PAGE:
After lunch, you can hop on a boat that regularly crosses the Golfo dei Poeti. In less than a half-hour, you’ll arrive at at another impossibly-beautiful village, Porto Venere. This tiny town is on a finger of land between the bay and the Mediterranean.  It too is filled with restaurants and shops, including a shop that sells nothing but pesto (and the most delicious pesto I’ve ever tasted). And it should go without saying that the views in any direction are incredible.

From Porto Venere, you can take the bus to La Spezia or return to Lerici by boat.  In either case, you’ll be back at Casa La Pace in time for dinner.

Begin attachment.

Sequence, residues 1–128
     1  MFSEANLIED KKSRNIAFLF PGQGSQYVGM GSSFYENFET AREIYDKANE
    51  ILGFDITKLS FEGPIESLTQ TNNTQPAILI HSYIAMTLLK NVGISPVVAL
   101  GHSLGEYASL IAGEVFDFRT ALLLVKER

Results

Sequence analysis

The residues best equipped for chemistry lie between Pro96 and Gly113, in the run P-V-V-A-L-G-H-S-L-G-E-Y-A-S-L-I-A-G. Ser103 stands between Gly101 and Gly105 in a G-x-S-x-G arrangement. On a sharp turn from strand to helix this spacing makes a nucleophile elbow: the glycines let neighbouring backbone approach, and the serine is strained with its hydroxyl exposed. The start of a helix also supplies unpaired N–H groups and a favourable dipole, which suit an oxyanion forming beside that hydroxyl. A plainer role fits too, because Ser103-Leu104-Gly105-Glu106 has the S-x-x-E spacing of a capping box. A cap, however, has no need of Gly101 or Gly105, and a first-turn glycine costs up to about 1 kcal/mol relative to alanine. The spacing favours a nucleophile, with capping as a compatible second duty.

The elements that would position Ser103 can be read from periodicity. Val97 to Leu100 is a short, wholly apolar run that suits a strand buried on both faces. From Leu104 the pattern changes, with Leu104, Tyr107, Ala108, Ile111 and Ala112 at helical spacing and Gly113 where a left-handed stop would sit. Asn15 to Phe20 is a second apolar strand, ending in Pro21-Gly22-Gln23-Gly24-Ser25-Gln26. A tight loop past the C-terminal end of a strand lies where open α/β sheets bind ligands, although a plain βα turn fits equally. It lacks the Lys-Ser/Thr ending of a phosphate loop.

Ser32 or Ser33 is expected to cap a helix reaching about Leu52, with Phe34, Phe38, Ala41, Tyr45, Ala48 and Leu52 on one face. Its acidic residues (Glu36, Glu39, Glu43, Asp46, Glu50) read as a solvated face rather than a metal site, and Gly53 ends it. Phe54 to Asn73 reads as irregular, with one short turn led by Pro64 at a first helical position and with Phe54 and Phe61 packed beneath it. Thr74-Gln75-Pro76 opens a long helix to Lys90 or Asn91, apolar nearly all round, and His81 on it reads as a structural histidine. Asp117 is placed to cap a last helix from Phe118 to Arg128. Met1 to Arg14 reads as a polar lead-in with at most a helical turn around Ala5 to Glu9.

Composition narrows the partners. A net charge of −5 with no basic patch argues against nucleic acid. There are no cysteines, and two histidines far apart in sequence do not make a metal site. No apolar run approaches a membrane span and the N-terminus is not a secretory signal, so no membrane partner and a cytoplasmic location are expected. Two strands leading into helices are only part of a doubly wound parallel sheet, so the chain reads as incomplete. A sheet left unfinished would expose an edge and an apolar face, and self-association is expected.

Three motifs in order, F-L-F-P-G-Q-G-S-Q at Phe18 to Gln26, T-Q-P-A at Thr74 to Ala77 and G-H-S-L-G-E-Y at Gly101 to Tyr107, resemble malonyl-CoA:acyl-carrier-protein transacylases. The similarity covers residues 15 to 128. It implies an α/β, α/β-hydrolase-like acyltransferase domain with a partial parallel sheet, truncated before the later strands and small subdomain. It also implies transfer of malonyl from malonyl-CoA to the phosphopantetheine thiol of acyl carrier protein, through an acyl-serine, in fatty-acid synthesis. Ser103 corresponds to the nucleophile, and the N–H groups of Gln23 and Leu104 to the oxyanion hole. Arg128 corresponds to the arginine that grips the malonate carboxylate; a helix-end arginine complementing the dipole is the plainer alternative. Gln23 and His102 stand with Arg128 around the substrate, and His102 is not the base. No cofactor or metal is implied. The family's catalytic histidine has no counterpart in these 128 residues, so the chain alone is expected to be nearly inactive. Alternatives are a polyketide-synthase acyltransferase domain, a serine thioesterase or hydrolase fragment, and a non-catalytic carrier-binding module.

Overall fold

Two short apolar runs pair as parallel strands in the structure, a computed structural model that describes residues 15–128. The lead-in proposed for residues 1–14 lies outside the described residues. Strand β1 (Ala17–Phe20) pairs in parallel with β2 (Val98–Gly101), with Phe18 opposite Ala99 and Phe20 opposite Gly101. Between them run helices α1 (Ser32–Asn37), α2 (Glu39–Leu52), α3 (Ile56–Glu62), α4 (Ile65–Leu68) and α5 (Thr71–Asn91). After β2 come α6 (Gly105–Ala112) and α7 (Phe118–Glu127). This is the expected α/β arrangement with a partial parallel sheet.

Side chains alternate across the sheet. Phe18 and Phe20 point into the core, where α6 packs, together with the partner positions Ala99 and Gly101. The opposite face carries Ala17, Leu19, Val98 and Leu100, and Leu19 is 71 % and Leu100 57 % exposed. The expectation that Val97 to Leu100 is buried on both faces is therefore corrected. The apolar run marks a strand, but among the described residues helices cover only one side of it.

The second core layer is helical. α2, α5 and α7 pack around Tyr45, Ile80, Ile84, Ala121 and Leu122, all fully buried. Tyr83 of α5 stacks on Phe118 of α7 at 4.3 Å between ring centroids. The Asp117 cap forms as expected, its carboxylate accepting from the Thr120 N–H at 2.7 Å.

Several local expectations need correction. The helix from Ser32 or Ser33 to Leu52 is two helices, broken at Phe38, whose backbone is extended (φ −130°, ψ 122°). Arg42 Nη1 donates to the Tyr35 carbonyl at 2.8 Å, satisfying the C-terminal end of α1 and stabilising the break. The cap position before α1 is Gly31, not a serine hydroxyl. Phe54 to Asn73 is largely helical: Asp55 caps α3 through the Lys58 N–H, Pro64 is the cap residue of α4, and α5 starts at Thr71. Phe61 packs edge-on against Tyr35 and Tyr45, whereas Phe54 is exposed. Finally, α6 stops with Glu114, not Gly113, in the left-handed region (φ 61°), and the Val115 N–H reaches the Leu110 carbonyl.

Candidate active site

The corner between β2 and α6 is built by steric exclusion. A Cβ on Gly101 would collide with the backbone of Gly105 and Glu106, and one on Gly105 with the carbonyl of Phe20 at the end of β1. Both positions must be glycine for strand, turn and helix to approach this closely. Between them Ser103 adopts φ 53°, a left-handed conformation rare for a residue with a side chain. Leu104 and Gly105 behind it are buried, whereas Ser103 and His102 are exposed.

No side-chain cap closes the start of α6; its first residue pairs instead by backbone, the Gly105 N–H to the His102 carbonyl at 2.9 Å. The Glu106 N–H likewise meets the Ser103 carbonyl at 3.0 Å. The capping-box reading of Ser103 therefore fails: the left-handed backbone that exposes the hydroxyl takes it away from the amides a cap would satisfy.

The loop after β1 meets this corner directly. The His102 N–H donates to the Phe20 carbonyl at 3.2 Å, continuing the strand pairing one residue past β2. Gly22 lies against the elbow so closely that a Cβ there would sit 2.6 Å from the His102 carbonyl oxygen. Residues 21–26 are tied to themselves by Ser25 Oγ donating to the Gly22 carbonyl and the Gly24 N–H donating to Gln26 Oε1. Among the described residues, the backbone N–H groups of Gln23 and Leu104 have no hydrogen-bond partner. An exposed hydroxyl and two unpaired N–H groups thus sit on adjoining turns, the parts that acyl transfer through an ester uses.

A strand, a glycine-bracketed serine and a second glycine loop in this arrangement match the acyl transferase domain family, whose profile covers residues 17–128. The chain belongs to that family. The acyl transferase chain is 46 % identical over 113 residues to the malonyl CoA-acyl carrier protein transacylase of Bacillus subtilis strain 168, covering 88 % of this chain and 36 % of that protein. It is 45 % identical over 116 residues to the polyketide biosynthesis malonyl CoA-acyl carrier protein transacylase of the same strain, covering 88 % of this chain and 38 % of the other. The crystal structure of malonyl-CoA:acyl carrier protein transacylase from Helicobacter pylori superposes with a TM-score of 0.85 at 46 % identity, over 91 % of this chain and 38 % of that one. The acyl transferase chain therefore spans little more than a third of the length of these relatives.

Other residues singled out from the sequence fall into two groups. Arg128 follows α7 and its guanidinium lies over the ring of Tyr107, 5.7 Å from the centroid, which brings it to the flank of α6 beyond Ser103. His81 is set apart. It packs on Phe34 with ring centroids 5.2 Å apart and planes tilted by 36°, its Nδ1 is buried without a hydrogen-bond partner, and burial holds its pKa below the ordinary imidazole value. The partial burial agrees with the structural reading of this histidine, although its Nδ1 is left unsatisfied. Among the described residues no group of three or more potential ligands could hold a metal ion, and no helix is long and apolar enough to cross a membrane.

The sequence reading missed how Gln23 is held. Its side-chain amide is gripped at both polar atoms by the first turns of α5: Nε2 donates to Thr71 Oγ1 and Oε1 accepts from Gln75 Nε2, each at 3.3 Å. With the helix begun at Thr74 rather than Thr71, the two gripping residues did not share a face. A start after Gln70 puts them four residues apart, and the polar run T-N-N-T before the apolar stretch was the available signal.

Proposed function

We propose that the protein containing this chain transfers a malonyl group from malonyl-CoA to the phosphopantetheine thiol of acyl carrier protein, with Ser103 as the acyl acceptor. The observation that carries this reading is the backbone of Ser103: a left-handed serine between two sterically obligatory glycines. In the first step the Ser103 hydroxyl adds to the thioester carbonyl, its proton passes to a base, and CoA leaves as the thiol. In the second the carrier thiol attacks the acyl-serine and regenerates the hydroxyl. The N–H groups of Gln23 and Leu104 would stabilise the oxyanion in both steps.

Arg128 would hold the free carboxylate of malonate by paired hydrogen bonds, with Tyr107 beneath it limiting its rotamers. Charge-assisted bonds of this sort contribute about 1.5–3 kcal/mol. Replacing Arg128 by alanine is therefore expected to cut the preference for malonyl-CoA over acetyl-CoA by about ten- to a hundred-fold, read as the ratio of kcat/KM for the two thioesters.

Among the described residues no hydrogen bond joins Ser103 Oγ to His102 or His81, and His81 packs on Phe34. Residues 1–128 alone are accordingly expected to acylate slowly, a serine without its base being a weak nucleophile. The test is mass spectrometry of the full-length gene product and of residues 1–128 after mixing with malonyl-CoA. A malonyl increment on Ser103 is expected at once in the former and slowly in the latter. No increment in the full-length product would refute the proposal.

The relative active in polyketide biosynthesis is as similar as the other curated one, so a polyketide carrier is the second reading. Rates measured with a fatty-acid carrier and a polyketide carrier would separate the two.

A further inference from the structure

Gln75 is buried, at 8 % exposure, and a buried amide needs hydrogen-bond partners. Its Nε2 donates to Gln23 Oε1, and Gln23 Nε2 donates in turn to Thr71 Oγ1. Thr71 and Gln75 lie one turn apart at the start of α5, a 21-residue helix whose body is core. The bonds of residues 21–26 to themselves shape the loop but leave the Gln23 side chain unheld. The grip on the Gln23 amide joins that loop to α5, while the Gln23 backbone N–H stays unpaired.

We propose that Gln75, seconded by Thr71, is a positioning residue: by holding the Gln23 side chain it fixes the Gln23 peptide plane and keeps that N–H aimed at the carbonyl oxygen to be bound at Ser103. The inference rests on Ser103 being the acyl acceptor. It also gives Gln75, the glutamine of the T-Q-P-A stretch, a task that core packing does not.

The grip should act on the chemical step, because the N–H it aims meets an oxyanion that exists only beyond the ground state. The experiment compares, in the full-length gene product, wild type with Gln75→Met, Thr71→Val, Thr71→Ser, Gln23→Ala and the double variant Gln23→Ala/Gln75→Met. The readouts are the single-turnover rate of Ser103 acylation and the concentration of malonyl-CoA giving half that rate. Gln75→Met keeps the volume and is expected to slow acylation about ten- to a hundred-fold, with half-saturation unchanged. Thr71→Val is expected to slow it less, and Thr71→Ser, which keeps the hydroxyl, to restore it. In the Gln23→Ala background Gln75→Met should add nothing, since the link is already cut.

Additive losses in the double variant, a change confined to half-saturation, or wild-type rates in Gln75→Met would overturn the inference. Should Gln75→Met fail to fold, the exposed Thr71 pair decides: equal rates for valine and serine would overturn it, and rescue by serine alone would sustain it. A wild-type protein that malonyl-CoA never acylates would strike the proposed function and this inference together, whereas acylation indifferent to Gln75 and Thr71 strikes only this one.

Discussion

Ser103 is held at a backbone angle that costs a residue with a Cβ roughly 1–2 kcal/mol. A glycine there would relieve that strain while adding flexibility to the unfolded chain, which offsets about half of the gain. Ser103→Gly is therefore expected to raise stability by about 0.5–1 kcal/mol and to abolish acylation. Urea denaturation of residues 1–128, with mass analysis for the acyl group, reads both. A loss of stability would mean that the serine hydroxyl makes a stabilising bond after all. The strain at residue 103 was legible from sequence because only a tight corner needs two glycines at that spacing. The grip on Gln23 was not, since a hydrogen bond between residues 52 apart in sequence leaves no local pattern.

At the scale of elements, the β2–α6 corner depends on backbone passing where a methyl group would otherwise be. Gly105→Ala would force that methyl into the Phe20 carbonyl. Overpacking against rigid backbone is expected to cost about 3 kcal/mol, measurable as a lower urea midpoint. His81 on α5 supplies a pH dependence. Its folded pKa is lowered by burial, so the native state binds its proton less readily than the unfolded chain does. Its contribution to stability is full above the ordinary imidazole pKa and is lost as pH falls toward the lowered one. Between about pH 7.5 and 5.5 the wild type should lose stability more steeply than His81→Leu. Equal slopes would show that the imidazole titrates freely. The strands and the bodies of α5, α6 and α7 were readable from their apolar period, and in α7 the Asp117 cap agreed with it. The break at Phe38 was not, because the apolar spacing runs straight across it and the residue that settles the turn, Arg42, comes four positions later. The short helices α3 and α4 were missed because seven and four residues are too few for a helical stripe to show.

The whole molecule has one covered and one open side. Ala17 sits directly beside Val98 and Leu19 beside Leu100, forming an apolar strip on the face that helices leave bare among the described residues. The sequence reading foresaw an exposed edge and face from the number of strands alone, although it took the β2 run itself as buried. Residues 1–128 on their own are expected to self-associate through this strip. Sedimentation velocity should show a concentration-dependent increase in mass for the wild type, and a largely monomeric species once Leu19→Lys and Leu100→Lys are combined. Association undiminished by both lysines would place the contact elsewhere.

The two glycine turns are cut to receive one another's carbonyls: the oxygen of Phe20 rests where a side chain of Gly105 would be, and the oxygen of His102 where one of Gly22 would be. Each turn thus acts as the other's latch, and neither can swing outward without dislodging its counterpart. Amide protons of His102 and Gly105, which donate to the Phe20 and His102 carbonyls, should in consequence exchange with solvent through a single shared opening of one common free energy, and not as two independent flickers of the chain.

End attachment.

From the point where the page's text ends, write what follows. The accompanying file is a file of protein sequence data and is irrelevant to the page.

An American Car in Europe

Guests of Casa La Pace have been surprised when we’d show up at the Ghivizzano train station in an American car sporting Arkansas license plates. We explained that, like so many aspects of life in Italy, registering our car is a “long and winding road”.

We shipped the car from the U.S. in June 2010. It sailed across the Atlantic and arrived (without a scratch) in Livorno in August. After two months of limited transportation options, I felt the rush of adrenaline as I zoomed down the autostrada with the radio at full volume.  I might have been 18 again and driving away from the  dealership with my brand-new Ford Focus.

In the intervening months, I’ve travelled throughout Toscana in pursuit of documents, official stamps, and fulfilling other demands of bureaucracy, both reasonable and inscrutable.  I learned new terminology and met interesting people. I also quickly realized how naive I had been to imagine that shipping a car from the U.S. would be any easier than other aspects of our move to Italy. Needless to say, we blew through the six-month deadline long ago.